After the August 1944 liberation of Paris, Beach remained in the city until her death in 1975. Though lionized for her wartime efforts, she never reopened Shakespeare and Company. Another American bookseller, George Whitman, opened a bookshop and reading library with the same name in a location nearby, where it stands to this day.
Beach lived just 500 yards from another American, Countess Clara Longworth de Chambrun, but their attitudes were worlds apart. Longworth, a conservative American aristocrat married to a wealthy French banker, was loyal to the United States yet sympathized with the Vichy government. Convinced that liberty was impossible without order, Longworth befriended people she thought would shield France from the worst of the occupation (while dismissing Resistance fighters as "wartime profiteers, ruffians, and urchins"). Beach, whose circle of friends included many résistants murdered by the Nazis, saw the same people as liberators.
One of Glass's most poignant accounts concerns Eugene Jacques Bullard, an African American who had endured discrimination as a child in Georgia, joined the French Foreign Legion, and became a pilot with the Lafayette Escadrille—the squadron of American pilots who fought for France in World War I. He was wounded at Verdun, received the Croix de Guerre, became a Paris nightclub owner, and in 1940 took up arms against the advancing German blitzkrieg. Fluent in French and speaking good German, Bullard worked as a spy for French intelligence and became a recruiting agent among African Americans for de Gaulle's Free French forces.
Glass details how this American patriot endured humiliating racial discrimination from his own countrymen at every turn. The Free French squadrons were fully integrated; when American soldiers marched up the Champs-Elysées in a victory parade on August 26, 1944, by shameful contrast, black soldiers were excluded. "It was as it had been in 1918," Glass observes, "when General Pershing banned the all-black Harlem Hellfighters from the First World War's victory pageant… Paris had been liberated. America would take longer."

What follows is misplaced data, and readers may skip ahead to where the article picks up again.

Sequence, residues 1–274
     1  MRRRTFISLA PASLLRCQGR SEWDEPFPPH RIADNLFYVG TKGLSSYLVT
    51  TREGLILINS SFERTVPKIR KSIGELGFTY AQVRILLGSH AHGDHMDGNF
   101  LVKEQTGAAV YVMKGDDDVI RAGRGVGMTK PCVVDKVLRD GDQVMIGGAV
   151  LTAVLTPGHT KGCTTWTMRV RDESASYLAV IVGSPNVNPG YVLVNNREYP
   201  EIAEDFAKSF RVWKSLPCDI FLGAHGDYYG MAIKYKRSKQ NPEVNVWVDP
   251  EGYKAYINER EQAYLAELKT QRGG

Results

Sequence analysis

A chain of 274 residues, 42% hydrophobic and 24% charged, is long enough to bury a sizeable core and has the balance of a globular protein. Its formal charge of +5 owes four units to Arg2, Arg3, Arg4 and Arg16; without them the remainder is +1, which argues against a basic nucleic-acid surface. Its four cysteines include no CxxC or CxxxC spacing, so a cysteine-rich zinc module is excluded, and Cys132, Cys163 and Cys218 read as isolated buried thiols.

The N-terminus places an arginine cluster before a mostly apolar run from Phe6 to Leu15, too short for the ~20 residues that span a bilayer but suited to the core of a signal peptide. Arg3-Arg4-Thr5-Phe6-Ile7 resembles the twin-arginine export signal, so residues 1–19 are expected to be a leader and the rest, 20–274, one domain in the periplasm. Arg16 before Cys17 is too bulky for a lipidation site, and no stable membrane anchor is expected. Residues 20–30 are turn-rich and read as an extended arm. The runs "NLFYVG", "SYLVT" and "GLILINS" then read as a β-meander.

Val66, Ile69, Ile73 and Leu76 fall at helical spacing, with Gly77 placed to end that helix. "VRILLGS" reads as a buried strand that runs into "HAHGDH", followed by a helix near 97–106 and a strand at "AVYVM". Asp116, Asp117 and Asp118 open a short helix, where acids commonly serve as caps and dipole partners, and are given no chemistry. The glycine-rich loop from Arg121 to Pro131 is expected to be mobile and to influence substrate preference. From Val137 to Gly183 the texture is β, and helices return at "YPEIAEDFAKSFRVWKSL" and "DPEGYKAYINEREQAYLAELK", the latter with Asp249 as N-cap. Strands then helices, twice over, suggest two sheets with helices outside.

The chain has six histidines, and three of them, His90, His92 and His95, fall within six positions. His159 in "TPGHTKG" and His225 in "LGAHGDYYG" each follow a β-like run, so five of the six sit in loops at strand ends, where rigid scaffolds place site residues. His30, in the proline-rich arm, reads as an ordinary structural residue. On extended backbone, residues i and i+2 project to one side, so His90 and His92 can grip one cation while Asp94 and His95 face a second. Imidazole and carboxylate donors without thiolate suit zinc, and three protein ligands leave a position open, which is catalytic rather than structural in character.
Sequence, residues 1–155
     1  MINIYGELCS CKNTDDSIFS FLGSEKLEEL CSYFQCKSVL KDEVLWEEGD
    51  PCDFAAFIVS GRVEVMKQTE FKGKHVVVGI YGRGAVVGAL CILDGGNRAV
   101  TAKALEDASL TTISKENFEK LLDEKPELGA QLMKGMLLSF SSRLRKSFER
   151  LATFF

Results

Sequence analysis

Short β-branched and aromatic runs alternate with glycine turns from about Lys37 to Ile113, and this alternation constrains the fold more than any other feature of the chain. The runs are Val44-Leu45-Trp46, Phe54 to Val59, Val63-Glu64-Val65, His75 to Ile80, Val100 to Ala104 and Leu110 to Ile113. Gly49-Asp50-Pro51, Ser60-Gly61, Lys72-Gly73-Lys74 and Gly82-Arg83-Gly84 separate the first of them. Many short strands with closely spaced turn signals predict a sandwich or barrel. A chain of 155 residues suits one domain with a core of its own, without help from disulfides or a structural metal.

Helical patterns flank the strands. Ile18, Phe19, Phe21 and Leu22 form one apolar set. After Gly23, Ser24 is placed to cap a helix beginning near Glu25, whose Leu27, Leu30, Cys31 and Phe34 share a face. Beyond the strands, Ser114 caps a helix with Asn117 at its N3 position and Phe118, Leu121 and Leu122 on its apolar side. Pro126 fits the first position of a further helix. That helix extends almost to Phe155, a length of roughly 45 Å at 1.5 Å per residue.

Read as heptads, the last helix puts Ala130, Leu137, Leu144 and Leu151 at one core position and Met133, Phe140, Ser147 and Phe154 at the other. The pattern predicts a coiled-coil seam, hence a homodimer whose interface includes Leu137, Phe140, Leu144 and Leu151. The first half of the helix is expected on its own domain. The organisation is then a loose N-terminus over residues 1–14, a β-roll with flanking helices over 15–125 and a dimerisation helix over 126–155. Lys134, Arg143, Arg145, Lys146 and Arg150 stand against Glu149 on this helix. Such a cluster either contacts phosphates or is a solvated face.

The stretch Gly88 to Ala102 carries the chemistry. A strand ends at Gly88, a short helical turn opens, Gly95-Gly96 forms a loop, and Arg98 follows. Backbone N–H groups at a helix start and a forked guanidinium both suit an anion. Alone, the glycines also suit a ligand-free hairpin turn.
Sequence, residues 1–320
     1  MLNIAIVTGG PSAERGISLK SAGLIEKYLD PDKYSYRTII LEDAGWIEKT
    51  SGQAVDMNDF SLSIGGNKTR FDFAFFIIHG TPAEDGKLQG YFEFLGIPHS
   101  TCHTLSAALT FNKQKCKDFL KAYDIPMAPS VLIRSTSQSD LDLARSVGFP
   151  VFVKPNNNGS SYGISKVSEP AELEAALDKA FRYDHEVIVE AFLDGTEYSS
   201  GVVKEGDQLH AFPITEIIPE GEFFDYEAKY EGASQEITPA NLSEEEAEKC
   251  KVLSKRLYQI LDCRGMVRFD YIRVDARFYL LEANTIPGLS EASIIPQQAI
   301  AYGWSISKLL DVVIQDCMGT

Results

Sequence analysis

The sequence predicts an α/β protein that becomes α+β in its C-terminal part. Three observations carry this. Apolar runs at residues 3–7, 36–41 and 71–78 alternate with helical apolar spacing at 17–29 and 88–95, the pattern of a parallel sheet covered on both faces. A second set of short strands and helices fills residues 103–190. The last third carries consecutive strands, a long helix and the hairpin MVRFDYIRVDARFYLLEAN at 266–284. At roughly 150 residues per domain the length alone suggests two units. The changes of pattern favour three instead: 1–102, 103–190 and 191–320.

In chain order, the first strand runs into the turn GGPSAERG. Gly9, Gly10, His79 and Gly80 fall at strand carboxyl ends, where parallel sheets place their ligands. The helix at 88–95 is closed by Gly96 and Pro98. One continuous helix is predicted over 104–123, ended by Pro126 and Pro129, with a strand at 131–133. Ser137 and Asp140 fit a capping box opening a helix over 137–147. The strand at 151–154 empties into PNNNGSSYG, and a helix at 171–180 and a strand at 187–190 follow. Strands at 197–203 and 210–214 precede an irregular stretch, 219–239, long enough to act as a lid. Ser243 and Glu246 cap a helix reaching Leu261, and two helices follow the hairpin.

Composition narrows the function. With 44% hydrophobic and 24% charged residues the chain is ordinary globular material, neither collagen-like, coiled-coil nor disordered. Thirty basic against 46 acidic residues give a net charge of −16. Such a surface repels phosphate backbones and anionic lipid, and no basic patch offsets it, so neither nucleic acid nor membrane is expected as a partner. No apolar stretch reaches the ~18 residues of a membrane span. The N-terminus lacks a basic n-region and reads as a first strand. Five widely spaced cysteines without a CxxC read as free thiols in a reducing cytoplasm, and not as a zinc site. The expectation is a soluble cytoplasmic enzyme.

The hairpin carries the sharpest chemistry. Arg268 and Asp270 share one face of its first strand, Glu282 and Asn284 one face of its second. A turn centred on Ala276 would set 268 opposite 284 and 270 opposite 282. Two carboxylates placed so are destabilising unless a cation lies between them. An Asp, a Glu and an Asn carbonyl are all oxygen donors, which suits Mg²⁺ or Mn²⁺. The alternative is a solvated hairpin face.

Another American who stood his ground when hostilities erupted was Dr. Sumner Jackson, the chief surgeon at the American Hospital. While enjoying the respect of the Germans, Jackson worked clandestinely for the Resistance, often risking his life to help Allied soldiers escape to Britain. Indeed, Jackson's house became a key way station for couriers smuggling documents to Allied invasion planners. In 1943, with German U-boats based in the French port of Saint-Nazaire exacting a heavy toll on Allied shipping, the Resistance desperately needed to pinpoint the subs' reinforced berths. Yet unauthorized entry to the submarine base was punished by summary execution.
The Resistance therefore asked Dr. Jackson to enlist his 15-year-old son, Phillip, in a daring plan: the teenager would slip onto the base and photograph the submarine pens. Phillip, who up until now had been carefully shielded from the war's violence, was smuggled onto the base by a relay of Resistance fighters; he made it to the forbidden zone and managed to shoot an entire roll of photos. Another relay then secreted him through German checkpoints and back to Paris, whence the precious film was sent on to London.
Glass's book appears amid a recent surge of distinguished books about D-Day and the liberation of Europe, notably William I. Hitchcock's The Bitter Road to Freedom (2008) and Antony Beevor's D-Day: The Battle for Normandy (2009). Americans in Paris deserves a shelf perch alongside those compelling histories, heightening our awareness of the numbing destructiveness and mass tragedies of all-out war. For those lucky enough to have survived, we learn, liberation was often a mixed blessing—a far cry from the jingoism and triumphalism of the home front.
Bill Lenderking is a retired Foreign Service officer and a current freelance journalist. He previously reviewed Zoë Heller’s The Believers for AARP The Magazine Online.
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